The propensity to sign-track is associated with externalizing behavior and distinct patterns of reward-related brain activation in youth

Sci Rep. 2023 Mar 16;13(1):4402. doi: 10.1038/s41598-023-30906-3.


Externalizing behaviors in childhood often predict impulse control disorders in adulthood; however, the underlying bio-behavioral risk factors are incompletely understood. In animals, the propensity to sign-track, or the degree to which incentive motivational value is attributed to reward cues, is associated with externalizing-type behaviors and deficits in executive control. Using a Pavlovian conditioned approach paradigm, we quantified sign-tracking in 40 healthy 9-12-year-olds. We also measured parent-reported externalizing behaviors and anticipatory neural activations to outcome-predicting cues using the monetary incentive delay fMRI task. Sign-tracking was associated with attentional and inhibitory control deficits and the degree of amygdala, but not cortical, activation during reward anticipation. These findings support the hypothesis that youth with a propensity to sign-track are prone to externalizing tendencies, with an over-reliance on subcortical cue-reactive brain systems. This research highlights sign-tracking as a promising experimental approach delineating the behavioral and neural circuitry of individuals at risk for externalizing disorders.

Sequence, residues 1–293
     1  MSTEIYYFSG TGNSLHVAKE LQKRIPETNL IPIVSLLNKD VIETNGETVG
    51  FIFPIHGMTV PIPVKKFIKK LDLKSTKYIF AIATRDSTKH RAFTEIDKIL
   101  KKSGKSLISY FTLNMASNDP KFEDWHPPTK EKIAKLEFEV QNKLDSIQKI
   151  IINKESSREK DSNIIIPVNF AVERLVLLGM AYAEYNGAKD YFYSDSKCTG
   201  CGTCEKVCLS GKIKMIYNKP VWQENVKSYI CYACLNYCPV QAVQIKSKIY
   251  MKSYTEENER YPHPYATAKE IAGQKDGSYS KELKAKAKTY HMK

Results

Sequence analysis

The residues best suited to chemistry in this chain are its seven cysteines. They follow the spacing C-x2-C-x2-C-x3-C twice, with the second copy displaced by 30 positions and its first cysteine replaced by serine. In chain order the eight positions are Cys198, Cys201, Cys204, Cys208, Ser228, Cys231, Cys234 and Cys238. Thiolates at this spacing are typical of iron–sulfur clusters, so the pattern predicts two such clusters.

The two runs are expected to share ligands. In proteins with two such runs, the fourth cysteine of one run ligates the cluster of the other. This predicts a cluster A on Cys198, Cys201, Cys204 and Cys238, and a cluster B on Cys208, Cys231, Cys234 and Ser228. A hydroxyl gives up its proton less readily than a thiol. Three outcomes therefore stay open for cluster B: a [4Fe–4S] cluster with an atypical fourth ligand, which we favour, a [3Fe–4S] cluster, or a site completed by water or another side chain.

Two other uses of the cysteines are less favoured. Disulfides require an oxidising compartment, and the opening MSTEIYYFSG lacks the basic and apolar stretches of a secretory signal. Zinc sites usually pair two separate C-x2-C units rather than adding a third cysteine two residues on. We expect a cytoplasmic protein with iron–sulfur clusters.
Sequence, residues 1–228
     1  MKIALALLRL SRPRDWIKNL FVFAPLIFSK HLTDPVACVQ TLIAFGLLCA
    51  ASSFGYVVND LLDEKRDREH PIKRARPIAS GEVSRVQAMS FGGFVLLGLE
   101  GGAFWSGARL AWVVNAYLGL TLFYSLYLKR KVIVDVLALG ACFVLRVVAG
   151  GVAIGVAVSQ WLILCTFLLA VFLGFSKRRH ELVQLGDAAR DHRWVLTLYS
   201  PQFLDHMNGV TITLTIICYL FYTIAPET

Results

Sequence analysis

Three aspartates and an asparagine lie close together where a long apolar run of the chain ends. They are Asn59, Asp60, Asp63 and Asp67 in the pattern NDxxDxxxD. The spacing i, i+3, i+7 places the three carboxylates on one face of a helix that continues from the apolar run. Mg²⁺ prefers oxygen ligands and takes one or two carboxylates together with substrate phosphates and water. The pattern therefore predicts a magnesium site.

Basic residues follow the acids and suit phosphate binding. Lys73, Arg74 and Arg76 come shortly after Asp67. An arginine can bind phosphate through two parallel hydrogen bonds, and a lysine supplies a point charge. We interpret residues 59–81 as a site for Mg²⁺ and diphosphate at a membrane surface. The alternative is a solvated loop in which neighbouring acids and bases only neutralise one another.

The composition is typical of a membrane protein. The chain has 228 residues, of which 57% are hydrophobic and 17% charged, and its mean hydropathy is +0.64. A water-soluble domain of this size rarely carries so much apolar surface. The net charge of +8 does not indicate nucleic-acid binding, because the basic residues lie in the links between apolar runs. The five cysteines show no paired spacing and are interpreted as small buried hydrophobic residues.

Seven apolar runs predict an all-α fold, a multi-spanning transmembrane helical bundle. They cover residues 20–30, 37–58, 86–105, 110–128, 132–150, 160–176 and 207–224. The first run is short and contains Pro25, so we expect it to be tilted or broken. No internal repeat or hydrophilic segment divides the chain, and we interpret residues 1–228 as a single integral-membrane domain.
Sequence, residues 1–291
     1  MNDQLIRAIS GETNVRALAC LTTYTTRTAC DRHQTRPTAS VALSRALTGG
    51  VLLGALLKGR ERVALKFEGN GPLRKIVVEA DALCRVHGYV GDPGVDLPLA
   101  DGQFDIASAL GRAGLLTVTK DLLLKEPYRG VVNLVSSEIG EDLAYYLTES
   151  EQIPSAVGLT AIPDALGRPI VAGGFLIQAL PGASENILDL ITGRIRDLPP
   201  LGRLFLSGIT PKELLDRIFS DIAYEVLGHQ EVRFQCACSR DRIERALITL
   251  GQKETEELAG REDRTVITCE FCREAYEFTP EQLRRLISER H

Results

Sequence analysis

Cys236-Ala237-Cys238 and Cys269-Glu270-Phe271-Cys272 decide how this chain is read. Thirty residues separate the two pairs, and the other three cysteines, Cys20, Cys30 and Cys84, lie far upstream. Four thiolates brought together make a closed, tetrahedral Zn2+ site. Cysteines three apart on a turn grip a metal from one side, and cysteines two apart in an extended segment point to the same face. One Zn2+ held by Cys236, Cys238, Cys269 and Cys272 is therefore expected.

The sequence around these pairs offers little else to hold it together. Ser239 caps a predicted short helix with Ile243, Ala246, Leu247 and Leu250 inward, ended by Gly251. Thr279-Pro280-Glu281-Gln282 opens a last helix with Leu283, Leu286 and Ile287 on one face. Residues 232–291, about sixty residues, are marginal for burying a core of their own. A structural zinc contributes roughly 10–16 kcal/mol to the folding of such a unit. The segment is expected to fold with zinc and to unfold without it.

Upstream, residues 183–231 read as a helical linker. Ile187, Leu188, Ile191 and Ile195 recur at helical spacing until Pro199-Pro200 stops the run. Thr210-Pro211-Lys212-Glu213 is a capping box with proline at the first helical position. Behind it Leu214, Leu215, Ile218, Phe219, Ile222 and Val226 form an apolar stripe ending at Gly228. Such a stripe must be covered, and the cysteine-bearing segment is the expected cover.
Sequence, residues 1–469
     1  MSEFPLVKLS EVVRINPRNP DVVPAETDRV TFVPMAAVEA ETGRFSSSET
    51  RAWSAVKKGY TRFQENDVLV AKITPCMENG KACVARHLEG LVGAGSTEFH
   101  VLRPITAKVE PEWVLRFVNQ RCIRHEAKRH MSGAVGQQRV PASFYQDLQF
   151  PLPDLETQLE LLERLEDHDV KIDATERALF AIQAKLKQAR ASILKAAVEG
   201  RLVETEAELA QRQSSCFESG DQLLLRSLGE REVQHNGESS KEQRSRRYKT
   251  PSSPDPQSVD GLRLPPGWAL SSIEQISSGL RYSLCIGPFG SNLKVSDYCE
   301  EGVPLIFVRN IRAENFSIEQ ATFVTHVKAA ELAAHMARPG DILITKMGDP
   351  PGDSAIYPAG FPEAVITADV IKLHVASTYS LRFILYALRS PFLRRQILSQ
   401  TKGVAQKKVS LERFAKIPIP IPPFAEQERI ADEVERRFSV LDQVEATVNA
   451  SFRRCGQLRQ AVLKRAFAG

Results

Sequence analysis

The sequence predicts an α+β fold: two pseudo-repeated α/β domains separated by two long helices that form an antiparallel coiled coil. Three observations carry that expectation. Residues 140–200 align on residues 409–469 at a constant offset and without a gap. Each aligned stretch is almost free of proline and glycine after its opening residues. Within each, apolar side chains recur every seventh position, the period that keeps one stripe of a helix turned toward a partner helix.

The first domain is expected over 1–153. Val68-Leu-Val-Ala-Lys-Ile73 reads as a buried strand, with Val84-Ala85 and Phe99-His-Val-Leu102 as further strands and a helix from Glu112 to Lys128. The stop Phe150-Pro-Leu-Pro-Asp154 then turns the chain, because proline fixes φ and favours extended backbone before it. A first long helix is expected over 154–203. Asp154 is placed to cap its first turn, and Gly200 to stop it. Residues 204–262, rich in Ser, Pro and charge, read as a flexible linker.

Publication types

  • Research Support, N.I.H., Extramural
  • Research Support, Non-U.S. Gov't

MeSH terms

  • Amygdala / diagnostic imaging
  • Animals
  • Attention
  • Cues
  • Motivation*
  • Rats
  • Rats, Sprague-Dawley
  • Reward*